came back with a new version of the game, I would go back and retest
previously buggy areas to make sure that there are no further problems
there. I think this worked fairly well in sorting out problematic areas.


QF

--
Mediocrity has been pushed to extremes.

Mike Snyder

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Nov 21, 2006, 2:03:18 PM11/21/06
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"ChicagoDave" <david.c...@gmail.com> wrote in message
news:1164131566.5...@k70g2000cwa.googlegroups.com...

I've tested a few, so I guess I have an opinion here too. :)

I try to do whatever the author asks, above all. In the few works of IF I've
tested, I've never really been given clear instructions. Aside from running
a transcript with comments, I guess it's just been up to me.

I start a transcript, and note the current time and date. I add comments as
I go along, for anything I feel like commenting about. This could be a bug,
or something that's *not* a bug which I liked, or just a comment about my
surroundings (for instance, "having some distractions, will come back in a
moment."). I don't know how useful that is to the author, but my hope is
that it'll help them know what was going on while I tested (did I miss a
clue I wouldn't have otherwise, etc). I periodically make note of the
current time again, just in case they're interested in checking to see how
long it too me to get from one part to the next (it'd be cool if you could
put a transcript in "beta test" mode, and the interpreter would
automatically note the current time periodically in the transcript). I guess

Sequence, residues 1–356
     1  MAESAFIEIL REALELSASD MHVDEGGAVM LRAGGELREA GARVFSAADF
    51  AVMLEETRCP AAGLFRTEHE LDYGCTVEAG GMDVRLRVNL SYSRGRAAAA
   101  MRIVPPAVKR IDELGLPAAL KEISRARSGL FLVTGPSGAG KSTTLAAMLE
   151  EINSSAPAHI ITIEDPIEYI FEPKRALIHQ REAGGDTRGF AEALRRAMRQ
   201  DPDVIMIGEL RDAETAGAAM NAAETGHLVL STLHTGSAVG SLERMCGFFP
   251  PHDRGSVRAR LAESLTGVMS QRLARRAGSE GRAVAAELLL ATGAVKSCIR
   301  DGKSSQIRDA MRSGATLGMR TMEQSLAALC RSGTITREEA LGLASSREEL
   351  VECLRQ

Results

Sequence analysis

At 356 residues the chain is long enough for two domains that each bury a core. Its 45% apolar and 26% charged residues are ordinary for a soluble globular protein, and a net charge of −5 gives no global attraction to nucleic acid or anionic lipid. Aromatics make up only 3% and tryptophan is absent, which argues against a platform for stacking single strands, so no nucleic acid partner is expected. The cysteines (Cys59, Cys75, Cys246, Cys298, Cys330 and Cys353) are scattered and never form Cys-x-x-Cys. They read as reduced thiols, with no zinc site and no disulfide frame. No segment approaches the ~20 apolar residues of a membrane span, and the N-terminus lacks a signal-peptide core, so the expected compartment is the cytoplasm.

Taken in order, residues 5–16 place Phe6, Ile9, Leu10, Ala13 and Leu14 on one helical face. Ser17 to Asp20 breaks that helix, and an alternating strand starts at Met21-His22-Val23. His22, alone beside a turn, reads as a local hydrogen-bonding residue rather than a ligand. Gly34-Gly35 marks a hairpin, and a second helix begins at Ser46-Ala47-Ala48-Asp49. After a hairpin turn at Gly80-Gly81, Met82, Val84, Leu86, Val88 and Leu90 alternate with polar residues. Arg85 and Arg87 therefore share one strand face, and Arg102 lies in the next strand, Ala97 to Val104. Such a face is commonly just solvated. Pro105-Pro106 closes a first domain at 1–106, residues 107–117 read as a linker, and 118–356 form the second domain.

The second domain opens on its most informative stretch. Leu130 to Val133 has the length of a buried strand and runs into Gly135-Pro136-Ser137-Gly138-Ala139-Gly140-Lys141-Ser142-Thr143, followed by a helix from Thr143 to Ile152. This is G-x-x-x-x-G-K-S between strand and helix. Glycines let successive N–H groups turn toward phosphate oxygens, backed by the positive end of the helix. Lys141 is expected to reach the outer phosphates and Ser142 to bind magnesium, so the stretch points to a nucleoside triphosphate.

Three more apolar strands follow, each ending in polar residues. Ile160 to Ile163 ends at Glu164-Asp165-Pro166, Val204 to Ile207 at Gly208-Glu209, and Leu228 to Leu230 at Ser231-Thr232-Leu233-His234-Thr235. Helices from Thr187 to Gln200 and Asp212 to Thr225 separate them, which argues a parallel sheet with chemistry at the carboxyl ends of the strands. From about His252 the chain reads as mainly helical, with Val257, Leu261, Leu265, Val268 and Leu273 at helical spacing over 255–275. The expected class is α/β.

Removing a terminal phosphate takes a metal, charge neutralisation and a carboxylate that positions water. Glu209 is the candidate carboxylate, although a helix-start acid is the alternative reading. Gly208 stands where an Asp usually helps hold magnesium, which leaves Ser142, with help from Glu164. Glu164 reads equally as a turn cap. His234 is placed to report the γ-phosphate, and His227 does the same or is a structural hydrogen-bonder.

I treat the transcript like a conversation, and I tell the author what's
going on as I play -- things I'm reminded of or comparisons that come to
mind, etc. Maybe that will help it makes sense when something goes wrong
later -- it's easier to see that I was on the wrong track because I mention
what my ideas are earlier.

I also save and undo a lot. If I think an action might have consequences,
I'll usually try it, and then either undo or restore afterwards. I try to go
down as many paths as I find. If I think something *might* prove to be a
problem, but I can't think of a good way to test it at that point (such as
leaving an object behind earlier in the game), I'll note that in the
transcript. The author can either disregard it, or realize maybe there *is*
something they didn't anticipate. In addition to making mistakes on purpose,
I'll often try multiple commands for the same action. If I can "get flower"
I'll usually undo and try "pick flower" or "pluck flower" -- and whatever
else comes to mind. I sometimes do this several times, exploring different
ways of doing the same action, just to make sure I've covered the things
other players might try.

I try to be more critical of the writing when testing, so if something
doesn't seem to flow quite right, I mention that too. In this regard, it's a
lot like how I review. I also look for things that just aren't handled, but
probably should be. These are less vital, but they can really help a game
feel well-implement.

---- Mike.


ChicagoDave

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Nov 21, 2006, 4:47:57 PM11/21/06
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> Mike Snyder wrote:
> (it'd be cool if you could put a transcript in "beta test" mode, and the
> interpreter would automatically note the current time periodically in
> the transcript)

I've thought of similar things, which brings up a new idea.

Wouldn't it be interesting to have an interpreter specifically designed
for beta-testing?

I can imagine an interpreter that you could interact with by using
terp-based meta commands that would upon request, spit out a report
that had very detailed information about comments, time, current state,
etc. Something like this:

In the Grail Room Dave reports, "The description could use some work
where the exits are concerned."